Intel and MediaTek today announced a strategic partnership to manufacture chips using Intel Foundry Services’ (IFS) advanced process technologies [...]
MediaTek plans to use Intel process technologies to manufacture multiple chips for a range of smart edge devices.
MediaTek was the 4th largest fabless chip designer in 2021, larger than AMD, but smaller than Broadcom, Nvidia, and Qualcomm.
It will be interesting to see what kind of volumes they send through Intel — a trickle or a flood? INTC 0.00%↑
Amazon increases Prime prices in Europe 💶
Following the price increase in the US:
Shoppers in Germany, Amazon's second-biggest market after the United States, will see fees for an annual Prime membership rise 30% to 89.90 euros ($91.88). The retailer's No. 3 market, the United Kingdom, will have a 20% increase to 95 pounds ($114.47) per year, while Amazon sites covering Spain, Italy and France will charge Prime members between 39% and 43% more yearly. (Source)
This becomes effective September 15. It’ll be interesting to see if this is just catching up and using some pricing power they had left on the table by keeping the service underpriced, or if they’ll get meaningful churn from this. AMZN 0.00%↑
🧪🔬 Liberty Labs 🧬 🔭
🔌 Texas Power Grid Dashboard
It’s a neat use of Datadog. It’s making me wish that similar dashboards were available for not only all other power grids, but for everything where there’s publicly available real-time data.
⚡️ 🇺🇸 U.S. Power Generation Stack over 120 years ⚡️
Speaking of power grids, here’s a really high-level look at the power generation stack of the U.S. as a whole over the past century+:
It may take a moment to decipher what it all means, but I find this *fascinating*.
The U.S. power generation stack includes 1,192 GW of operating coal, natural gas, nuclear, hydroelectric, solar, wind and battery capacity as of April 2022
You can see the black coal wave in the 1950s-1980s, the pink nuclear wave in the 70s and 80s, then the huge gas spike, and now the solar and wind wave in more recent years (with a sprinkle of batteries on top).
More graphs here (they unpack the stack per power source, which makes it easier to see what’s going on, and show the retirement of power plants by age cohorts).
Are TSMC and Samsung ‘faking’ node shrinks? 🙊
both of the leading foundries allowed customers to claim they were using a 4nm process when, in fact, they were using the same old 5nm process. [...]
The problem started when Samsung, in a perennial race to beat TSMC to the next node, announced it would deliver production 4nm chips in late 2021, a year after it reached 5nm. To avoid giving Samsung bragging rights, TSMC decided to “pull in” its N4 node by two quarters. But when TechInsights analyzed the first chip, it found the critical process dimensions were exactly the same as in TSMC’s earlier N5 products. The foundry’s claim of 4nm production was a sham, as was MediaTek’s claim of having a 4nm processor.
In the meantime, Qualcomm launched the Snapdragon 8 Gen 1 as a 4nm part on Samsung’s 4LPX process. After analyzing the Snapdragon chip, TechInsights found that 4LPX is no different than 5LPE.
I can’t verify that this is true, but if so: 😬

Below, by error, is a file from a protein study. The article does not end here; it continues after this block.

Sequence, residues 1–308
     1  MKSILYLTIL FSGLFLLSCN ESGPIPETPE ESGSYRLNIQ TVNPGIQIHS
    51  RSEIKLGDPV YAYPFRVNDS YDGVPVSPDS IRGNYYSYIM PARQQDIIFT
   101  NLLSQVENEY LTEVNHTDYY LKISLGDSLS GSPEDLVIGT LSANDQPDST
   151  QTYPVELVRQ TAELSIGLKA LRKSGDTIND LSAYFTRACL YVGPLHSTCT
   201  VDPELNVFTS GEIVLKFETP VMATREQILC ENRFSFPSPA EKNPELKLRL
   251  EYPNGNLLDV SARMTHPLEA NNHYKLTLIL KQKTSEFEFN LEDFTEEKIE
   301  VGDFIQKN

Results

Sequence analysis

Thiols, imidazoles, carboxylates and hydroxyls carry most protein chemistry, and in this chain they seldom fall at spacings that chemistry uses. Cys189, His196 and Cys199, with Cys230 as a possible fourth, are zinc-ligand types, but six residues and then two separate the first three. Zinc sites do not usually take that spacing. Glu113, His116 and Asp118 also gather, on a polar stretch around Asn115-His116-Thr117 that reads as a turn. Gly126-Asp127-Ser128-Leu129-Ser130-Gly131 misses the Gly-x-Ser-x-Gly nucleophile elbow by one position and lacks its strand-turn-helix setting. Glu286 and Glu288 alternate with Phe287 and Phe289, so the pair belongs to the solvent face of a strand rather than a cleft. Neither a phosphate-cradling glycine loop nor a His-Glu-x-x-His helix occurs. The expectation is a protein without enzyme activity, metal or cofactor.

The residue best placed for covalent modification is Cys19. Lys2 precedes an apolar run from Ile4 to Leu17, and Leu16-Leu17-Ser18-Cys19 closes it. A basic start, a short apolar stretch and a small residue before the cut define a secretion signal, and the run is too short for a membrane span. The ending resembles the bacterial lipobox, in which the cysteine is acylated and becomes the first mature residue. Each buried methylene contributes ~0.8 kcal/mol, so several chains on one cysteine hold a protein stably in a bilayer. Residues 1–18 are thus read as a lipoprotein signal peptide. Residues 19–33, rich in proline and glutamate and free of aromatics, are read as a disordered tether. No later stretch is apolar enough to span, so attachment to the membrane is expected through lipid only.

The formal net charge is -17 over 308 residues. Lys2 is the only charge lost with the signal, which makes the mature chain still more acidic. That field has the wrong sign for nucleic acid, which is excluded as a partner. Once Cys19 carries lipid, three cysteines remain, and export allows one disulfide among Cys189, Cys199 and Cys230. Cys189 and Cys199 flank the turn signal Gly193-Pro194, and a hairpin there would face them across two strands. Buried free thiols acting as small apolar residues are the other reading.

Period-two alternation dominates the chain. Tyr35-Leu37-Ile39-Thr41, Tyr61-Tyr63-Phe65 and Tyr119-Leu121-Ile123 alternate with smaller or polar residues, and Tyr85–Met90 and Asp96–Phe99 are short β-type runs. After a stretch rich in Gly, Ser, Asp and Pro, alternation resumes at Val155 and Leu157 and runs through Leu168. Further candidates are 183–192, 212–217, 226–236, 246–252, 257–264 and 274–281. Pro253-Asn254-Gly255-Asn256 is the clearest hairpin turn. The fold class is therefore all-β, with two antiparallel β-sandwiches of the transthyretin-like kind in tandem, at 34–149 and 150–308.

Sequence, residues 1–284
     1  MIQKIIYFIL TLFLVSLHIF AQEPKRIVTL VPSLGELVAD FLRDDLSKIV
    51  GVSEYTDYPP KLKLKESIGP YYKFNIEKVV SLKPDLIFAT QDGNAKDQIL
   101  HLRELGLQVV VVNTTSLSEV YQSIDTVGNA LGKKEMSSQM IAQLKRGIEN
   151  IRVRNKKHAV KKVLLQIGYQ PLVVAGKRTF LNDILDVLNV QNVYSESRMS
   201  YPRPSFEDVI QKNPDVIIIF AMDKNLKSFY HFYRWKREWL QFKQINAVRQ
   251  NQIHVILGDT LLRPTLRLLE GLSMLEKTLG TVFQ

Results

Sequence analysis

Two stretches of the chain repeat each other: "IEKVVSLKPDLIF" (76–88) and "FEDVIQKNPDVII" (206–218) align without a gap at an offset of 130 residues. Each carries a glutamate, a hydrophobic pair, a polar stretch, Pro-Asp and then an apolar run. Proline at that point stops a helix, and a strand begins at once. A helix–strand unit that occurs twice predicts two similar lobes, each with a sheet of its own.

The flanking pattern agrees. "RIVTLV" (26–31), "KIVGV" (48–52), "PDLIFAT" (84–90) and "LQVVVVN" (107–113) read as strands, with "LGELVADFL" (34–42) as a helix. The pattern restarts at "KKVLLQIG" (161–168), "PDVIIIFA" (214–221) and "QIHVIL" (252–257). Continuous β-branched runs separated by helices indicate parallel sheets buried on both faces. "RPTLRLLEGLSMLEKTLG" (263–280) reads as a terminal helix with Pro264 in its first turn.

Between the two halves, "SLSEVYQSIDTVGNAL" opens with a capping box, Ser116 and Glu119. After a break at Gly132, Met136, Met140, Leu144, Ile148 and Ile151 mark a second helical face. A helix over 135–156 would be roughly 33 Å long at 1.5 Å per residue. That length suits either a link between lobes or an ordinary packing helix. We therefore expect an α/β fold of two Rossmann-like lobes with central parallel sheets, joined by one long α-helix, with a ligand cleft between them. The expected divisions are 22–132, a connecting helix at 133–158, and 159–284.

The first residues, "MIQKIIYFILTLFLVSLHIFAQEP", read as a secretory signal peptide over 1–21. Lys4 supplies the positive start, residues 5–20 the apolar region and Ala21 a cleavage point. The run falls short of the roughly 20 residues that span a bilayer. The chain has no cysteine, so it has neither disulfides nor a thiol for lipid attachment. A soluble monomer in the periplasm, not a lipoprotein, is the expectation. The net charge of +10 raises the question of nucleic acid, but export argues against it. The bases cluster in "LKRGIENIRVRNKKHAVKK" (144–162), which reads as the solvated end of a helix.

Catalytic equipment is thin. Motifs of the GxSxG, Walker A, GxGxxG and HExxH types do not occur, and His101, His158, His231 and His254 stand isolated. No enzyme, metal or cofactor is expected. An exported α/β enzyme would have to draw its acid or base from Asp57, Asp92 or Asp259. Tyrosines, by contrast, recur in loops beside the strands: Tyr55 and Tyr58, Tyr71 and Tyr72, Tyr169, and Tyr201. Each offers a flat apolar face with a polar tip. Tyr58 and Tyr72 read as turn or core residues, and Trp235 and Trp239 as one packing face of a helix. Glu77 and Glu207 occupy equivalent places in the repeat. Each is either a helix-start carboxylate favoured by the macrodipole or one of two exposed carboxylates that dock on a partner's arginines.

I mean, the NM numbers are already kind of marketing and aren’t comparable between processes, but at least when the number goes down, you should expect things to get smaller… TSM 0.00%↑
🌍 The True Size of Africa
I’ve seen many variants of this, but I particularly like this one because it doesn’t try to cram too many things in the same overlay.
It’s also a good reminder that having a globe is the best way to teach kids about geography because the maps that we’ve all imprinted on so much really distort things a lot.
🎨 🎭 Liberty Studio 👩🎨 🎥
🛹 Tony Hawk: Until the Wheels Fall Off 🎬🍿
The cold open shows a 50yo+ Tony trying to do a difficult trick on a very high ramp, and he falls over and over and over and over again.
It’s a perfect encapsulation of his super-power: He doesn’t give up, he pushes things further than most of the competition, and ends up being able to do things that others can’t do because they haven’t put in the reps and/or don’t want it as much as he does and will give up earlier than he does (back to the longevity thing in the intro).
The 1999 footage of the first time he ever did the 900° trick that was considered impossible by many live in front of a huge crowd gave me chills. The sport was loose enough that there was no clock, and they just allowed him to try again and again, getting a hair closer each time…
His commentary on the attempt: “They were either going to carry me out in a stretcher or I was going to do it.”
As someone who knew very little about Tony Hawk (my friends as a teen were into skate culture so I got some of it second-hand), some of the things that surprised me most were:
1) How cyclical skateboarding is. Hawk and his contemporaries were literally rock stars touring the world for a few years, and then all of a sudden the spigot turns off, and a couple of years later he can’t afford to pay his water bill. But even during the tough times when nobody cared, he kept practicing and never gave up!
2) It’s the video games that made him truly never-level wealth. He licensed his name and helped them design it, but the rewards were vastly outsized vs what the #2 or #3 best skateboarding who didn’t have a game with his name had. Power laws everywhere!
3) I was surprised to learn just how badly received his skating style was in the first few years. Because he was so skinny and weak, he had to innovate different, more technical ways to do things than the bigger, stronger, and cooler kids. At first, this wasn’t received well at all, and he had to power through and not give up until the whole sport caught up to him.
4) It’s incredible that almost the whole crew he grew up with is still skateboarding well into their 50s, despite all the injuries and screwed-up bodies. They are addicted to the challenge and mastery, but also it’s a form of expression for them.
Anyway, it’s a good film, well worth watching even if like me you don’t know much about skateboarding. It’s really about grit and human nature.